Wednesday, April 27, 2016

“The Dicks from Texas”: The influential punk band who were hometown heroes to Austin’s misfits

“If you were a misfit, The Dicks’ music was for you.” Those words open up the documentary The Dicks From Texas, now featured on Night Flight Plus.DICKS FROM TEXAS 8

While the Ramones were the kings of punk rock on the east coast, Black Flag on the west, and the Clash coming out of England, in the late 70s, Austin seemed like an unlikely place for a punk band with a gay lead singer to emerge from.

“Here in Texas, you really have to put this into context of Austin, which kind of seems like a liberal cool place now,” reveals author and photographer Bill Daniel in the documentary. “It just wasn’t like that in 1979 and ’80.”

According to Mark Kenyon: “There was a real cliché of Austin music being hippie music and/or blues. It was an opportune time for something new to happen.”

It’s hard to imagine, especially since in the past decade Austin has become a sort of Mecca of cool — with a deep music scene and Alamo Drafthouses for the cinephiles — that residents are attempting to “keep weird.”


The band was born of conjecture from lead singer, Gary Floyd.

“I started lying, yeah, I got a band called The Dicks.”

They were a poster band, just a made up name that would show up on flyers and posters for shows around Austin. From Floyd’s ruse, an actual band was formed with original members Floyd, Glen Taylor on the guitar, Buxf Parrot on bass, and Pat Deason on drums.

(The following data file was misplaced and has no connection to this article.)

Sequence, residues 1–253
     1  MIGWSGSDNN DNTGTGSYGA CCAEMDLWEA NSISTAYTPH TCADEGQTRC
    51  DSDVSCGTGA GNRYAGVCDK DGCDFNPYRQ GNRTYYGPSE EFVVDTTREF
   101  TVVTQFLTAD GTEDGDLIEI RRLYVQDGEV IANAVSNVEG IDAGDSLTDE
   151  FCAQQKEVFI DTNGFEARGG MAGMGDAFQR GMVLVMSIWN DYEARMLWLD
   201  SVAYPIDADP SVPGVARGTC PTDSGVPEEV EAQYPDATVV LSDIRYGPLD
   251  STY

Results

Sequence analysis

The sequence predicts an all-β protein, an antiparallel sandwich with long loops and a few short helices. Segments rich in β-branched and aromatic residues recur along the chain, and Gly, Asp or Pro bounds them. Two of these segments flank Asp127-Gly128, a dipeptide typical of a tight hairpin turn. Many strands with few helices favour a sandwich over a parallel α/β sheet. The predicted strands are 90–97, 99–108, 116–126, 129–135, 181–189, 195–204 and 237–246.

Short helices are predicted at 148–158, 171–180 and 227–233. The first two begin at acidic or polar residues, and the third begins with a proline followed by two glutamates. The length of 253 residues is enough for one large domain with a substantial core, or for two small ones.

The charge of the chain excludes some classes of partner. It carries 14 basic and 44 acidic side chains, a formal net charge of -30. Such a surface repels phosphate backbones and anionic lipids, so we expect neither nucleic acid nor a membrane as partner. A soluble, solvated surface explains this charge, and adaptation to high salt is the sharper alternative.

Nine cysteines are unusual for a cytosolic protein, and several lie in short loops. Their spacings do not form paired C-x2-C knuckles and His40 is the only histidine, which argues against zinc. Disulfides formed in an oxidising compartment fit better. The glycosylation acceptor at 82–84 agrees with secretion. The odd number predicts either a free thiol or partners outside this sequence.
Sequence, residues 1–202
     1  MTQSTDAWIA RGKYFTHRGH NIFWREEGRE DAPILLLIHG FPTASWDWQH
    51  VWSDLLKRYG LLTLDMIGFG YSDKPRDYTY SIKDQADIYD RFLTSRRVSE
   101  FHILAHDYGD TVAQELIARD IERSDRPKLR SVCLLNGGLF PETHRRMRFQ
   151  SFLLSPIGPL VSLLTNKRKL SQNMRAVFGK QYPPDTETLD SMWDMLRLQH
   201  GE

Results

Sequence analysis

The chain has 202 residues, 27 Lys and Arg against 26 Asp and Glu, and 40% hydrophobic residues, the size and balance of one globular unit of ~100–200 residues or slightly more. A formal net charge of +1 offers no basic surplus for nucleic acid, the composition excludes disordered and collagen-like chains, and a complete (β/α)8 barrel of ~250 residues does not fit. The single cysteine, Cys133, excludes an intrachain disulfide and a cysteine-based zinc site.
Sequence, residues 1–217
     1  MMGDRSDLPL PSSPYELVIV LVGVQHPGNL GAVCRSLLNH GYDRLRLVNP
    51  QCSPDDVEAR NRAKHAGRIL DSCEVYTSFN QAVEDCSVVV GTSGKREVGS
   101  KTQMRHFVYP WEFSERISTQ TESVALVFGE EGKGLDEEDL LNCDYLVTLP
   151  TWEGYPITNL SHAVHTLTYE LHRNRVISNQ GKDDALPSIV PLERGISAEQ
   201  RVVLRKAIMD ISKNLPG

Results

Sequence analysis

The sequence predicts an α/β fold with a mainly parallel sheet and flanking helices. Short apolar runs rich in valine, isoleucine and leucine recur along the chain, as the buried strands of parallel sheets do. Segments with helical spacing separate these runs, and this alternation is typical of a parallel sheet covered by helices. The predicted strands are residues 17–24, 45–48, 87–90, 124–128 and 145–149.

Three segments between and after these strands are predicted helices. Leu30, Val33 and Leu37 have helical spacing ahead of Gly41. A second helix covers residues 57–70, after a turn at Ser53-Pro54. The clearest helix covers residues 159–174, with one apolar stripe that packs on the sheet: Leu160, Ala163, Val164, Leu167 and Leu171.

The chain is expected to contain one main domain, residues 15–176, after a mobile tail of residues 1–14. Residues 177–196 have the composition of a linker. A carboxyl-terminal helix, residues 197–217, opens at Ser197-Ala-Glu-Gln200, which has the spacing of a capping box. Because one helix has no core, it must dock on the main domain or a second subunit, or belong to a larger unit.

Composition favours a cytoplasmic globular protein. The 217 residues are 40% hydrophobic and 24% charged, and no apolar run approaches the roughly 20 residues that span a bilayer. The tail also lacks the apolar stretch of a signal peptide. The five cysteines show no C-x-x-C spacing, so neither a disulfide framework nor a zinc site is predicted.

The Dicks combined the hardcore sound with the sardonic silliness of the Ramones and plenty of social and cultural ideology of Minor Threat in three-minute blasts of unbridled, distorted energy.

Floyd was one of the first openly gay punk singers of the era, a behemoth of a man clad in make-up and a nurses dress, singing songs about anonymous sex in “Saturday Night At The Bookstore.”


The band became known for their drunken live performances. “They were always great, but they were always kind of shambolic,” explains Henry Rollins in the documentary.

“If they were really drunk, someone might fall over backwards…oh, it sounds like half the band is playing one song and half the band is… oh screw it, this is great.”

“It had never occurred to me before seeing The Dicks that being afraid of the band could be a cool idea,”
states David Yow of Jesus Lizard.


The Dicks became fixtures of the small but loyal Austin scene, often gigging with other hardcore bands from the Lone Star state such as MDC, The Offenders, and The Big Boys. The group released their first single, “Dicks Hate The Police,” beating both N.W.A and Body Count to the punch by eight and twelve years, respectively.

The documentary, The Dicks From Texas, was released as a 16-year labor of love from film student and fan of the band, Cindy Marabito. The Dicks From Texas has an appropriately D.I.Y feel to the proceedings, with most of its interviews conducted on grainy VHS, in noisy bars, busy streets, and darkened bedrooms, places The Dicks and their fans appear to be the most comfortable.


Sometimes the interviews are hard to hear and subtitles are provided, but if you know The Dicks, this is exactly how a Dicks documentary needs to look.